Wednesday, January 25, 2017

Common Wealth

319 Market Street
Philadelphia, PA 19106
(215) 372-7581

I was asked to check out a tasting of the menu at Common Wealth in Old City, a "Lowcountry" style bar/restaurant I had not heard of before. As I LOVE Lowcountry food (and living), it did not take much coaxing.

I was offered a drink ticket for myself and a guest. Which was a little strange. Usually if you are invited to review a joint, they at least get you a couple of drinks. Get ya nice an liquored so the food tastes better, right?

Well, unexpectedly, this event took almost three hours and one drink ticket didn't cut it. So I ran up a healthy bar tab drinking some beers after trying some signature cocktails that were recommended. The Queen Anne’s Revenge is on the left – Bulleit Rye, sugar cube, squeezed citrus and bitters and the Travelers Passage on the right – house infused pineapple vodka. I was a bigger fan of the Queen Anne, because I love bourbon and don't particularly enjoy sweet cocktails.

The pork belly with citrus salad and hoisin glaze was first up. It was probably one of my favorites of the night. Although when isn't pork belly? It was crispy on the outside and succulent in the middle. Plenty of fat, though maybe a bit under salted. All in all, not a bad pork belly.

The hush puppies were likely my favorite of the evening, though I am not sure they are still on the menu. The tender interior was contrasted by the crusty fried shell, and the creole style sauce was delicious.

Next up, chicken and waffles. Usually one of my go-to's, can you tell what my complaint was with these? Yo waffles, where's the chicken? They should have been open faced, and served with a spicy/sweet side sauce. It was DRY. But the chicken was delicious. The honey-sriacha aioli was good, but those waffles needed a drizzle!

Open faced was more realistic, but I was left wanting for sauce.

You can see in the cut-away shot the chicken to waffle ratio is way off.

The oysters "Bienville" were next, in a roasted shrimp sauce with Creole butter. I thought these were okay, but they were so rich, they needed some acidity to cut the fat. Also, an oyster on the half shell, which gave me the zing I was missing with their heavier counterparts.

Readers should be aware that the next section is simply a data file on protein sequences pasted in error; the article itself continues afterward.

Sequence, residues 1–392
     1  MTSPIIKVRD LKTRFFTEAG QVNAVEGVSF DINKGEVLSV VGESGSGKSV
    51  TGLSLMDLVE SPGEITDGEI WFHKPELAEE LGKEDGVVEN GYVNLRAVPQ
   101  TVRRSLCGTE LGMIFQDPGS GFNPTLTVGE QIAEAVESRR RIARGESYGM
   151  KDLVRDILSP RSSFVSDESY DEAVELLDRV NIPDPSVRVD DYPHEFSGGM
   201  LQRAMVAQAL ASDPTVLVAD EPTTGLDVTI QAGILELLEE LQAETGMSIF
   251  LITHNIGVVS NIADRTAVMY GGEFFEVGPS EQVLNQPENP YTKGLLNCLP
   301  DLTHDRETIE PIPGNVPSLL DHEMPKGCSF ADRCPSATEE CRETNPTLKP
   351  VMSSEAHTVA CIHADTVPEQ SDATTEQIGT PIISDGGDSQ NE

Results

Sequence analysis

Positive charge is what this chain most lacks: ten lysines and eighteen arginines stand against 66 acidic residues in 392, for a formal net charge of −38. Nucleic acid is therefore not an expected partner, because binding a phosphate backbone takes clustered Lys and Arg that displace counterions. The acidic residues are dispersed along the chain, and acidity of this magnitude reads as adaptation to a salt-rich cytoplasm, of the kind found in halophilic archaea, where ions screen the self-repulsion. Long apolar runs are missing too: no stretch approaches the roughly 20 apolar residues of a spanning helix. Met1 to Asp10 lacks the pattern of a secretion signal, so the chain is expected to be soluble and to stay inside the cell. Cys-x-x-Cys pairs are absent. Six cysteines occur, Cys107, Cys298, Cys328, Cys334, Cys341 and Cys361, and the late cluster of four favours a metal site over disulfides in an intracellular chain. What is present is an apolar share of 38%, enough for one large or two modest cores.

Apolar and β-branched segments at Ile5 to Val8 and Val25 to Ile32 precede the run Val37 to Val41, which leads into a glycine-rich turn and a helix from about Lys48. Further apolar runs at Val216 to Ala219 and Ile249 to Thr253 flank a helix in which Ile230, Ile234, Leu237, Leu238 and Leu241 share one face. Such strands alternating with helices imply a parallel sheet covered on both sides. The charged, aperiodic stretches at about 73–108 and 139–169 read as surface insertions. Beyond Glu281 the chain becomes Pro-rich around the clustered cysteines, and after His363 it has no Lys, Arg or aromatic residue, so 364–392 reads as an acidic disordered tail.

The oysters were fresh and the sauce tasty.

A lot of care went into these, but they were a bit heavy.

The shrimp gumbo was a disappointment. The roux was under developed for my taste, and lacked heat (and flavor).

I mean, almost every course had shrimp in it.

Fried green tomatoes with pickled shrimp were another highlight. The "pimento" was a sauce rather than a cheese spread (as I had hoped when I squealed with delight when I saw it on the menu), but the dish worked.

Crispy, well fried green tomatoes, and tart shrimp, with enough greens to cut the grease. But the tomatoes themselves were not great. Mealy. not even worth showing you that photograph.

Seared scallops on hoecakes with collards and a bacon cream sauce were, again, okay (who doesn't love scallops), but not all that memorable. This could be that I already ate about eight courses (doubles and triples of some), but it was just scallops.

Definitely cooked the right way, but under-seasoned.

Least favorite of the night (and biggest disappointment) was the shellfish and grits. The shellfish sauce lacked a discernible direction, and the subtleties of the lobster etouffee were not enough to save it. The texture of the Anson Mill Grits were great, think pastina but needed some more salt and punch to carry the dish.

The fried bread pudding dessert was well executed, but it was a lot of filler to eat after a meal.

All in all, this was a pretty okay spot, but I don't know that I would be rushing back. It was filling but lacking that lowcountry depth of flavor all around.

Tuesday, January 10, 2017

Gaul & Co. Malt House

3133 Gaul Street
Philadelphia, PA 19134
(215) 423-7878

Up near the Polish area of Port Richmond is a hidden gem of a bar.  When I first walked in, there were a couple of locals having some bottled domestics and talking over the TV. While this is my typical type of respite, I thought maybe I was in the wrong place for the famous kielbasa cheesesteak that had come so highly recommended by a reader. I decided to persevere and was brilliantly rewarded from the previous neighborhood hang known as Shenanigans.